Customers have access to some of the finest hospitals internationally, including those in France, Germany and Spain, as well as Belgium, Cyprus, Portugal, Gran Canaria and Malta, and soon to be added Israel and Turkey. Every hospital is hand-picked by Passport2Health's expert team for its exemplary clinical standards, and each is carefully selected for its English language capabilities, service quality and patient comfort.

Medical tourism is a growth area, with approximately 60,000 people[v]  believed to travel from the UK each year for treatment abroad. Until now, however, patients have had to put together their own package and pay the full price in one go. With Passport2Health, everything is fully covered and all arrangements taken care of, including return travel, treatment, accommodation and after-care, plus integration into the UK health service on return.

Pricing reflects the lower cost of European healthcare and efficiencies Passport2Health has achieved through its international provider network and outsourced business model. The company operates a small core team with low fixed costs, supported by expert service providers for sales administration, customer service and claims handling, including clinical case management. This provides a scalable and replicable model that can flex according to customer demand.

In addition to CEO and founder Frank Levene, the Passport2Health management team is comprised of: Dr. Richard Dale, an eminent consultant surgeon; Alex Ballantyne, founder of NetDoctor.co.uk; JoAnna Bowles, whose financial services experience spans roles with Nationwide Building Society, Aviva, Portman Building Society, and American Express;  James Davies, former sales director at Standard Life Healthcare and following its acquisition, PruHealth; Anne Vorley, who served as an underwriter with PruHealth and Standard Life Healthcare; and John Statham, former strategy director at Royal & Sun Alliance Insurance Group.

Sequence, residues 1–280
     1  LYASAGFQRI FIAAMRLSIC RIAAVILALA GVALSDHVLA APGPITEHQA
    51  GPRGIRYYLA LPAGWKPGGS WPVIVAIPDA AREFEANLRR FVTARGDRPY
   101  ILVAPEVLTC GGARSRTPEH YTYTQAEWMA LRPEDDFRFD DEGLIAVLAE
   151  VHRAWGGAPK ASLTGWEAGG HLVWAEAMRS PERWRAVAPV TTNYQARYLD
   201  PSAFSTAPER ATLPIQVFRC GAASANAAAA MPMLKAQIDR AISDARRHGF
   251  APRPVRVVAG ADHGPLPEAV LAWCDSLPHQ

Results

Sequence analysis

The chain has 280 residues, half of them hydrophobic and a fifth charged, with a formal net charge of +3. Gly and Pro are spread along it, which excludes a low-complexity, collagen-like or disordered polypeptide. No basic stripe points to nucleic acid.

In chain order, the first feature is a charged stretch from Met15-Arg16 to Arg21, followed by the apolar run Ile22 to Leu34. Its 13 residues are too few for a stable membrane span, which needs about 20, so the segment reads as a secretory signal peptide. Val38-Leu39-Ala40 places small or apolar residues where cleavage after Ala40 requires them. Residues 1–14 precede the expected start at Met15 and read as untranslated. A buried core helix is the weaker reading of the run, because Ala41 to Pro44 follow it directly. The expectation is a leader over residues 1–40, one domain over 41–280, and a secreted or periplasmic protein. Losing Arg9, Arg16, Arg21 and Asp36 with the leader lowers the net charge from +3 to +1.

Passport2Health aims to become the leading provider of insurance covering medical treatment abroad for people and companies resident in the UK, and envisages initially capturing a modest 1.5 to 2 percent share of the UK PMI market.

The product is aimed at small and medium enterprises (SMEs) and individual clients, and is being sold through selected PMI specialists and insurance brokers, as well as directly via the internet. Customers can deal with Passport2Health via the Web, telephone or through their intermediaries.

In addition to personal plans, Passport2Health will appeal to employers, particularly SMEs, as an affordable and attractive alternative to the spiraling cost of corporate schemes. The product is also ideal for the self-employed seeking affordable health coverage, flexibility on dates and the earliest possible return to work.

While the NHS is highly valued for emergency and urgent surgery, elective treatments such as angioplasty, hernias, hip replacements or cataracts can now be treated overseas without joining a long waiting list. Passport2Health says that procedures are scheduled as fast as possible, to suit the patient - normally within two to four weeks of diagnosis.

Customers have the same access to their usual general practitioner, plus a generous allowance for private specialist consultations and diagnostics in the UK. With the exception of cancer, patients are covered for the same types of surgical procedures as many other UK PMI schemes, including a wide variety of treatments in specialisms such as orthopedics, ENT, cardiology, ophthalmology, urology and gynecology.

[i]  For a 30-year-old. Prices as at 27/02/12 shown on both comparison and insurer's websites
[ii]  For a 30-year-old. Prices as at 27/02/12 shown on both comparison and insurer's websites
[iii]  Figures according to Private Healthcare UK - http://www.privatehealth.co.uk/service-to-industry/statistics-and-data/private-healthcare-key-facts/